The sommelier suggests… Oregon Pinot Gris by Ron Acierto

Ron Acierto

Ron Acierto is wine & beverage director at the Tributary Hotel’s o?kta restaurant in McMinnville, Oregon. He is an Imbibe 75 Person to Watch for 2024, as voted by Imbibe magazine in the US.

I have long had an affinity for this lovely wine. In my native Philippines, the national beverage is beer. Growing up, I never dreamed that wine would be part of my career path. Most Filipino households never even had bottles of liquor or beer at home, and drinking alcohol was something you did only on special occasions.

My first encounter with wine occurred when I worked in food and wine at a family friend’s retirement home in Indiana, USA and I built on this with more exposure to fine wines through various food service jobs. After moving to Oregon wine country in 2005, I immersed myself in learning all about the wines of Willamette Valley, while working first at Cherry Hill winery in the Eola-Amity Hills, and then in management at some of Portland’s finest restaurants.

Pinot Noir and Chardonnay are considered the king and queen of Willamette Valley wine grapes, but I also became curious about Pinot Gris, which is planted throughout Oregon. When working in restaurants in Portland, I noticed that Pinot Gris wasn’t usually highlighted on wine lists. The perception was that it was less interesting as a variety, perhaps because it was so widely available, and at a lower price point than other whites. Yet, over the last decade, I’ve gained more respect for this wine and grown to love its many expressions.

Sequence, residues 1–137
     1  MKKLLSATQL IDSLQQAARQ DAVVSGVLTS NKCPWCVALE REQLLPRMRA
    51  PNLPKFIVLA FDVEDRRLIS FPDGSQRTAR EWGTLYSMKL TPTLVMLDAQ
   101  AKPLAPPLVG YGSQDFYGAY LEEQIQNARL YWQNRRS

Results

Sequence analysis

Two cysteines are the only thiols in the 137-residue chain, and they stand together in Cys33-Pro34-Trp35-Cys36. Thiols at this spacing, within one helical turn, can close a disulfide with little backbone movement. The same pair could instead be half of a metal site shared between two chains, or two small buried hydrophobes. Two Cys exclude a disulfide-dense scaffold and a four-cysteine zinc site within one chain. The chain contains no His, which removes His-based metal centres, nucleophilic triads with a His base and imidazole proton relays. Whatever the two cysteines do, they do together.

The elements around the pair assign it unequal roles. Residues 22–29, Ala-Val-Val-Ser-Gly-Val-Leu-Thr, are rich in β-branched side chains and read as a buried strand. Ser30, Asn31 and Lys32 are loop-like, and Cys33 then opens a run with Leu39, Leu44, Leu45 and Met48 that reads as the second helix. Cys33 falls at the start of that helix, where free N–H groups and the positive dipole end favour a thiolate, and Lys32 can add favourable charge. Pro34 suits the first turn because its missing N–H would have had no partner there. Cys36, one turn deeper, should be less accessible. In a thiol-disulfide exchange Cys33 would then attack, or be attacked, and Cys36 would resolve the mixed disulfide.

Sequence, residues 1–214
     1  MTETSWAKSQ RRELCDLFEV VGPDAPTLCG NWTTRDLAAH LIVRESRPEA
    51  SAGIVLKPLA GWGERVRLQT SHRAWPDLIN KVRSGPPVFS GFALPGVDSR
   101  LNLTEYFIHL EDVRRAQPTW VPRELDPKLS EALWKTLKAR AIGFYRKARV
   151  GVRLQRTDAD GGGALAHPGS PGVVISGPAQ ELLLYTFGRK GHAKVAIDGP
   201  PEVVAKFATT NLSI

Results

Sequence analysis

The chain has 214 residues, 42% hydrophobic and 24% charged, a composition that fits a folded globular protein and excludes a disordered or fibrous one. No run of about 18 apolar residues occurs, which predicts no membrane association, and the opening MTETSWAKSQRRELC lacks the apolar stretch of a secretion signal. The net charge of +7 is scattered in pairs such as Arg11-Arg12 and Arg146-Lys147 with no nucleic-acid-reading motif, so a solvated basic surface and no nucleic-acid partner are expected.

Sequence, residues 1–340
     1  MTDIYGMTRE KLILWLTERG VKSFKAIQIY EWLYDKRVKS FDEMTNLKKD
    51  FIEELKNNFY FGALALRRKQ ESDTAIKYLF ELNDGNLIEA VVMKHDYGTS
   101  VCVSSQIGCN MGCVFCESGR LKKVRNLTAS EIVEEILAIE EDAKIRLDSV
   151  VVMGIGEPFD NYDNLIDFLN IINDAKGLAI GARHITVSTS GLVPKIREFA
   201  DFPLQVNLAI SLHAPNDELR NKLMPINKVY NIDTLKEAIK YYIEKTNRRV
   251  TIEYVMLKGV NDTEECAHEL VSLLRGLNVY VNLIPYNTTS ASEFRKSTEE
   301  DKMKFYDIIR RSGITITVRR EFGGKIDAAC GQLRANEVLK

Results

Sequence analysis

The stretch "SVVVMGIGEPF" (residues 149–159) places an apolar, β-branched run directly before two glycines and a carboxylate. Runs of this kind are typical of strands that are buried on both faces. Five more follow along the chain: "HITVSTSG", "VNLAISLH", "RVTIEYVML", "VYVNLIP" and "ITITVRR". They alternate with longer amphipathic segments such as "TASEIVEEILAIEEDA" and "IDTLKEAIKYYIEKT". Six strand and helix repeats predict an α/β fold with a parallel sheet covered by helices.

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I’ve offered Pinot Gris as a glass pour at o?kta restaurant in downtown McMinnville since it opened in July 2022. The Eyrie Estate Pinot Gris 2021 is delicious with our o?kta carrot snack with farro waffle tart shell, served with miso. It was also an excellent match for a dish on last year’s menu: wild sea bream, radishes, watercress and shiitake mushrooms. And it seems to be gaining more traction in general, with wine merchants introducing drinkers to more producers and styles of the grape.

Most consumers don’t know that Pinot Gris is the result of a genetic mutation that occurred in Pinot Noir. Their DNA profiles are remarkably similar; the colouration of the leaves and grape skin are the main differences. Many of the wine producers with whom I’ve opened bottles of Pinot Gris over the years have learned to coax the best expressions from this grape. Starting in the 1960s, David Lett planted Pinot Gris at Eyrie Vineyards in the Dundee Hills AVA. Its wines have always been rich in texture and flavour, balanced between fruit and acidity, and a versatile pairing.

Perhaps surprisingly, the Eyrie Vineyards Pinot Gris wines have demonstrated great ageability. Jason Lett, the late David’s son, recently poured a 1982 bottling, and I still remember its texture and richness, the lingering aroma of caramelised white fruit – tasted blind, I would probably have guessed Chardonnay, though the acidity and freshness were still distinguishable. I wish that more local producers would vinify their Pinot Gris to age in the same way that the great grand cru Pinot Gris wines of Alsace do.

Pinot Gris vinified with skin contact shows another aspect to the grape – look out for wines from Antiquum Farm and Big Table Farm. Aromas of these wines range from fresh flowers to candied fruits. At o?kta, we pair this style with the flavours of umami, sashimi-style seafood and chef larder-fermented root vegetables. It brings out the best in the food and highlights the wine’s acidity and lingering mouthfeel.

In general, I pair young Pinot Gris with shellfish and summer salads with white stone fruits. Meanwhile, wines with age would pair beautifully with spring and summer grilled vegetables. Pinot Gris will also hold up with your backyard barbecues, as well as charcoal-roasted chicken.

Discovering Pinot Gris: Acierto’s top picks

Jason Lett at Oregon’s Eyrie…

Source : https://www.decanter.com/wine/the-sommelier-suggests-oregon-pinot-gris-by-ron-acierto-527458/